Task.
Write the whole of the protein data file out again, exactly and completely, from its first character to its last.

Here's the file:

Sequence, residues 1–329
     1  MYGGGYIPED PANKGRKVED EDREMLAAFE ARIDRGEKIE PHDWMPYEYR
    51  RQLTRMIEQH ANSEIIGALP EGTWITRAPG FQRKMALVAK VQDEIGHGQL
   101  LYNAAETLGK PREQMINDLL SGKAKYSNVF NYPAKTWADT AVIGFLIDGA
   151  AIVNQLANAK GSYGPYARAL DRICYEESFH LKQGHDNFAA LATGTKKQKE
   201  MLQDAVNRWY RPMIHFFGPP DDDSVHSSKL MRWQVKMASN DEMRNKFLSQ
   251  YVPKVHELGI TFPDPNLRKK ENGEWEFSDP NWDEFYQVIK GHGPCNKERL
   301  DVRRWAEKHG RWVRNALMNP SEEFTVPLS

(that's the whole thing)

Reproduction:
Sequence, residues 1–329
     1  MYGGGYIPED PANKGRKVED EDREMLAAFE ARIDRGEKIE PHDWMPYEYR
    51  RQLTRMIEQH ANSEIIGALP EGTWITRAPG FQRKMALVAK VQDEIGHGQL
   101  LYNAAETLGK PREQMINDLL SGKAKYSNVF NYPAKTWADT AVIGFLIDGA
   151  AIVNQLANAK GSYGPYARAL DRICYEESFH LKQGHDNFAA LATGTKKQKE
   201  MLQDAVNRWY RPMIHFFGPP DDDSVHSSKL MRWQVKMASN DEMRNKFLSQ
   251  YVPKVHELGI TFPDPNLRKK ENGEWEFSDP NWDEFYQVIK GHGPCNKERL
   301  DVRRWAEKHG RWVRNALMNP SEEFTVPLS